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New Hope for a Treatment for Alzheimer’s

Following recent research at the University of Cambridge, scientists have discovered two existing licensed drugs which may help to restore protein production in the brain and slow down the its degeneration. The drugs, which were tested on mice, were shown to halt brain degeneration, giving rise to the possibility of finding a cure for Alzheimer’s. The results of the study were presented at the annual research conference of the Alzheimer’s Society which was held recently in Manchester, and were said to be ‘hugely promising’ as they used medicines which have already been deemed safe, and which are well tolerated by humans.

The study was headed up by a professor of clinical neuroscience, Giovanna Mallucci, who expressed her excitement at the findings, particularly as the drugs used were already known and approved, albeit for conditions unrelated to dementia. So far, Mallucci and her team have chosen not to identify the drugs to ensure that patients don’t try to use them before further clinical trials have been carried out to test their efficacy.

Their findings support a previous study carried out two years ago which showed that brain cell death in mice could be stopped by switching off a faulty signal in the brain which prevented the production of new proteins. However, this research was based around a compound that had many side-effects, including diabetes and weight loss, meaning that it could not be used in humans. During Mallucci’s study, hundreds of licensed compounds were screened in order to find something that could protect the brain but which was also safe. This is why this research has proved so exciting, as the two drugs used are known to be entirely harmless to humans.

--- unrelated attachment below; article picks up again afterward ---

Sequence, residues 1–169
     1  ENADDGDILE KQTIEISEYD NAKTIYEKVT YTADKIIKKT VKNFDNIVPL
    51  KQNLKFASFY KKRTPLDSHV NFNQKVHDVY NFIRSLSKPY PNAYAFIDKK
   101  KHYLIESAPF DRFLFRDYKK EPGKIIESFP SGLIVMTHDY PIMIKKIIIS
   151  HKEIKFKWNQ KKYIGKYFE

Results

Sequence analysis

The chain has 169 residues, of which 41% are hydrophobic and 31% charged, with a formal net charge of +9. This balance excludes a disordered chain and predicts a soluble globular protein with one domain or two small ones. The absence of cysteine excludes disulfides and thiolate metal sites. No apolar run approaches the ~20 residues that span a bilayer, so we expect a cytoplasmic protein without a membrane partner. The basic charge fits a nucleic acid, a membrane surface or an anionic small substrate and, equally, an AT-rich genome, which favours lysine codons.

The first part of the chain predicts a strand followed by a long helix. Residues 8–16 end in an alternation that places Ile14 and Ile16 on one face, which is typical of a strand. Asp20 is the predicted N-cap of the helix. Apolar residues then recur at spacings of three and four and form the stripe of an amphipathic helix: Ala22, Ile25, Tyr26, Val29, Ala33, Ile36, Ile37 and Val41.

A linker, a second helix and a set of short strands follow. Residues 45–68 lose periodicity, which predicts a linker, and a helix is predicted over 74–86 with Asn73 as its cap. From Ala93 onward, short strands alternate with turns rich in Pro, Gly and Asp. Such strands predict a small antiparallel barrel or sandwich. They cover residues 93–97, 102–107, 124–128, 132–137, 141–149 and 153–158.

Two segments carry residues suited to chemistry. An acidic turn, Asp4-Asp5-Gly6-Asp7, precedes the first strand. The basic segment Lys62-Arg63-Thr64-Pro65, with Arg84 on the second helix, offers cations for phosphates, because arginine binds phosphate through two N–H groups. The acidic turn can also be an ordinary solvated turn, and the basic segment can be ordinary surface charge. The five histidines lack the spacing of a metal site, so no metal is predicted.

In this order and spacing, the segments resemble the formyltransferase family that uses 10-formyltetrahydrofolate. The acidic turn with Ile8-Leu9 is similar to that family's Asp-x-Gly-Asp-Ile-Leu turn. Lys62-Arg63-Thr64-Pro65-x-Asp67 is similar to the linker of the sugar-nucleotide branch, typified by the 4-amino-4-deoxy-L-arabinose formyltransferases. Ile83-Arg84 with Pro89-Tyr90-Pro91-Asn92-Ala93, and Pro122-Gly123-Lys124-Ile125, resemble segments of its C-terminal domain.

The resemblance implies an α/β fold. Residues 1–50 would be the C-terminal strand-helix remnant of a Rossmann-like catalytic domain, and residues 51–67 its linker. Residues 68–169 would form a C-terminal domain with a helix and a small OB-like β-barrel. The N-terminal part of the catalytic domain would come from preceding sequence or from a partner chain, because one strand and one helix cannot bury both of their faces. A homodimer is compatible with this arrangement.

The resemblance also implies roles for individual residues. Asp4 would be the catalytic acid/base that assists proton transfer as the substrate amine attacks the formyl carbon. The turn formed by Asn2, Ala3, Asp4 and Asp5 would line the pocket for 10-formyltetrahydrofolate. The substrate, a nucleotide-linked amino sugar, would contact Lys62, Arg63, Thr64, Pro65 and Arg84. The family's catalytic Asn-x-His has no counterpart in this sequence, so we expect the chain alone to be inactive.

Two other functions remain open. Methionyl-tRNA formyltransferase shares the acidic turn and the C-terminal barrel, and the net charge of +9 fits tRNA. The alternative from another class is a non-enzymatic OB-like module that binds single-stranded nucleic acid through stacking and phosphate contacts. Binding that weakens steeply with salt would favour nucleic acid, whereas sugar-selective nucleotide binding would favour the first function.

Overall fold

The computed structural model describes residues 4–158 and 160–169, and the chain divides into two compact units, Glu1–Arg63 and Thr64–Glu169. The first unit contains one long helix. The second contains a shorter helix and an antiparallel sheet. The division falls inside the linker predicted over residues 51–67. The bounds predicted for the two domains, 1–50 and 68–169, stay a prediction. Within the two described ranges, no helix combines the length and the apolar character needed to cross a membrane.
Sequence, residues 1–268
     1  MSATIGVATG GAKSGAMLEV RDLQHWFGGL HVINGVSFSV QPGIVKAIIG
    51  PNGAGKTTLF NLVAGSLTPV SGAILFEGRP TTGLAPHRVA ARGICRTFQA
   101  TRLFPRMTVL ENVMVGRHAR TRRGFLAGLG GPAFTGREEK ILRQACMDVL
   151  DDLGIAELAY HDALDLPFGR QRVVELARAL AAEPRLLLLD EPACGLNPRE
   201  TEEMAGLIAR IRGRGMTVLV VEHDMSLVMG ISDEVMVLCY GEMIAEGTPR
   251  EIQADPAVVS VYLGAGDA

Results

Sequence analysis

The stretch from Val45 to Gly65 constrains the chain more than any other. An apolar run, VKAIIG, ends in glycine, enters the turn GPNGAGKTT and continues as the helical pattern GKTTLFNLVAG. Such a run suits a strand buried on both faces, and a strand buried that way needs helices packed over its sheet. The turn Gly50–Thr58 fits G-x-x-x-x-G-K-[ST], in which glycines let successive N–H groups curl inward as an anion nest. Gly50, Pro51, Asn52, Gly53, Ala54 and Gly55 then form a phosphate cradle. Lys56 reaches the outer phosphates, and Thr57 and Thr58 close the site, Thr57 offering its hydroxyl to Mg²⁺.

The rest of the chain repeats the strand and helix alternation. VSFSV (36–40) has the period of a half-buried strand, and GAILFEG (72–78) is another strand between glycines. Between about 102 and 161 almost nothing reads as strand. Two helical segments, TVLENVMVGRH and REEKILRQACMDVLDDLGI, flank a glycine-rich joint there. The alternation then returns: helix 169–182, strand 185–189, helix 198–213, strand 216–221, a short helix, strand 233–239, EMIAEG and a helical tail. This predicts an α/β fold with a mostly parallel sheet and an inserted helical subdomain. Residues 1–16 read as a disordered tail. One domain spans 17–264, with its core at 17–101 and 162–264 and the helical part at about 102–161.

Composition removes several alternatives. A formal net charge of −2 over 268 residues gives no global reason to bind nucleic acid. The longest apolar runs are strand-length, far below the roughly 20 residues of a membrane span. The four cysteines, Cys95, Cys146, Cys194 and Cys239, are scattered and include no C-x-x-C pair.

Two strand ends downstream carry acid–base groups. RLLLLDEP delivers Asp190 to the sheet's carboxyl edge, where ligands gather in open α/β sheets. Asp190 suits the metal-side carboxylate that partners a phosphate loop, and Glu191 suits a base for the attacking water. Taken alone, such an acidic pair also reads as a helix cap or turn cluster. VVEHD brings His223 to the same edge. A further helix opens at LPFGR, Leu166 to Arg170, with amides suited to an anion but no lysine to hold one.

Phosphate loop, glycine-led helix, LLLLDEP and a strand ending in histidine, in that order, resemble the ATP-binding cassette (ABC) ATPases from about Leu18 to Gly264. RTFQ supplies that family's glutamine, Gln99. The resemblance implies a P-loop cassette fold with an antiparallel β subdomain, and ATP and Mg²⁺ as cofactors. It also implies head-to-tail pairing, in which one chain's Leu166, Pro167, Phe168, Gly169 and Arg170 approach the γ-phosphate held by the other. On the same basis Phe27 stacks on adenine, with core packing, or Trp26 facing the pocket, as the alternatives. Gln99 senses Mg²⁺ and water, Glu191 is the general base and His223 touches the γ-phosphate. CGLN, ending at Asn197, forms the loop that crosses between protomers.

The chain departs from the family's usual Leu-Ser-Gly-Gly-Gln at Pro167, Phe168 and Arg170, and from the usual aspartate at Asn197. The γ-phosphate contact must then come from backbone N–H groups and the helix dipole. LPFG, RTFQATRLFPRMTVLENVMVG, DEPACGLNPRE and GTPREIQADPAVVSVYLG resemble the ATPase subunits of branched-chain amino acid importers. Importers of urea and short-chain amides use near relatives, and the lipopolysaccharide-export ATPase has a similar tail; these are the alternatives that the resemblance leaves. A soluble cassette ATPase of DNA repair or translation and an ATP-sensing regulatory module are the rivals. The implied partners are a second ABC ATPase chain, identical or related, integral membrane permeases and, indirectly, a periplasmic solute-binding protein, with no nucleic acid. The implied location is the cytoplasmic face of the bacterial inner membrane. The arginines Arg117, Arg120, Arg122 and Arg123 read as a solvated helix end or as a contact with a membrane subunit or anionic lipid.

Prior to further trials, the scientists intend to carry out brain imaging to confirm that the faulty signal found in mice is also responsible for the neurodegeneration and memory loss found in patients with Alzheimer’s. While there is a wealth of evidence to suggest this is the case, the team will need to undertake special scanning procedures to ensure that what happened during the mice trials, also happens in humans. Once the scanning experiments have been conducted and a link is confirmed, clinical trials could follow very quickly.

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